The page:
World Golf Hall of Famer and PGA Tour legend Ken Venturi passed away on Friday afternoon in a California hospital, near where he made his home outside of Palm Springs. He was 82.
His death came just two days after his 82nd birthday, and 11 days after he was inducted into said Hall of Fame. He was not able to attend the ceremony, instead battling a spinal infection, pneumonia and an intestinal infection that eventually took his life.
Venturi's son, Matt, first broke the news that his father is no longer with us, as the San Francisco Chronicle reported. According to the report, Venturi had dealt with various medical issues for the final few years of his life, including quintuple bypass surgery in 2006 and more heart problems in 2011.
A pioneer for the game of golf, Venturi will not soon be forgotten.
Best remembered for his triumph at the 1964 U.S. Open, Venturi battled through extreme dehydration, dizziness and heatstroke to capture the Open title in a 36-hole marathon on the final day at the Congressional Country Club.
Per the Chronicle report, Venturi was quoted over the years as saying that people continually sought him out to talk about the 1964 Open triumph, vividly remembering the locations of the ball, the shots he made and exact details that were stunning to the man who won the trophy.
"I’ve seen people over the years who not only tell me I won the Open, they tell me where I won it, what I shot and exactly what I did,” he said in an April 2011 interview. "There aren’t many Opens where everyone can tell you all about it."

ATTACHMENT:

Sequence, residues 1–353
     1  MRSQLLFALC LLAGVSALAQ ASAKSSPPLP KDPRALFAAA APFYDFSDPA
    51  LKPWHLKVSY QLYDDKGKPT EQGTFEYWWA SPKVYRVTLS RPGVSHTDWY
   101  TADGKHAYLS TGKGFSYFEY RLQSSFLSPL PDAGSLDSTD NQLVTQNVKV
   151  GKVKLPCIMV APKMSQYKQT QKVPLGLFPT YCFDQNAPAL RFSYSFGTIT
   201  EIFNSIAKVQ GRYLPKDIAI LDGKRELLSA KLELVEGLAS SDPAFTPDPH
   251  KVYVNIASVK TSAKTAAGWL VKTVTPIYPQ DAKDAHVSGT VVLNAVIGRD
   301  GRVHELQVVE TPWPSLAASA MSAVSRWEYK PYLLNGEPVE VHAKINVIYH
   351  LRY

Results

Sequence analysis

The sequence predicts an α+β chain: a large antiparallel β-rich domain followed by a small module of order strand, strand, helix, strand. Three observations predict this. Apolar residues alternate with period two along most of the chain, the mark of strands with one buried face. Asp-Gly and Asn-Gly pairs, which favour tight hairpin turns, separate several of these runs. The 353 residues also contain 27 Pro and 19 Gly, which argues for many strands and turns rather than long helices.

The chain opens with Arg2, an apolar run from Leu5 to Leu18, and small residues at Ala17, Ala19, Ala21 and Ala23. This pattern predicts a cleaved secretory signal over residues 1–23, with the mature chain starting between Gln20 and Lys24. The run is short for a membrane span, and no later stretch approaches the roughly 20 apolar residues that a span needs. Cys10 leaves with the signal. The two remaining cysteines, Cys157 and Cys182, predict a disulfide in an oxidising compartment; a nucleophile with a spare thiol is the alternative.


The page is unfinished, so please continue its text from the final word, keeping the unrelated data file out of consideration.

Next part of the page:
The victory was the only such major championship win of his career, but it hardly does justice to his entire legacy.
He first made headlines at the Masters in 1956, when he finished second as the low amateur. He was on the radar again at Augusta in 1958, when he went toe-to-toe with eventual green-jacket champion Arnold Palmer in the final round. Over the course of his career, he would capture nine other top-10 finishes at major tournaments.
Injured in a car wreck in 1961, Venturi battled the effects of that accident throughout the rest of his career. His perseverance at the Open was a symbol of his love for the game, and one that golf fans will not soon forget.
Retiring from golf in 1968 due to numerous health issues, he moved to the broadcast booth for CBS Sports' coverage of the sport. He completed a 35-year career with the network in 2002 and was considered the "voice of golf" despite having a stuttering problem when he was a young man.
In many ways, Venturi was a symbol of perseverance in everything he accomplished.
Venturi was inducted into the World Golf Hall of Fame on May 6 under the Lifetime Achievement category after being selected for the award back in October 2012.
As John Strege said on Twitter after his passing, there are very few—if any—that can claim the career or the legendary status in the sport that Venturi had over the course of his playing and broadcasting career:
Ken Venturi, 1931-2013: “The full body of work...there’s nobody in that Hall of Fame that’s done what he’s done."golfdig.st/10KLMB4— John Strege (@JohnStrege) May 17, 2013
Venturi was also the Presidents Cup captain in 2000.
On a truly sad day for golfers, fans and historians everywhere, Venturi is no longer with us to tell the magnificent tales of how he became one of golf's most notable players.
Our thoughts and prayers are with the Venturi family during this difficult time of mourning.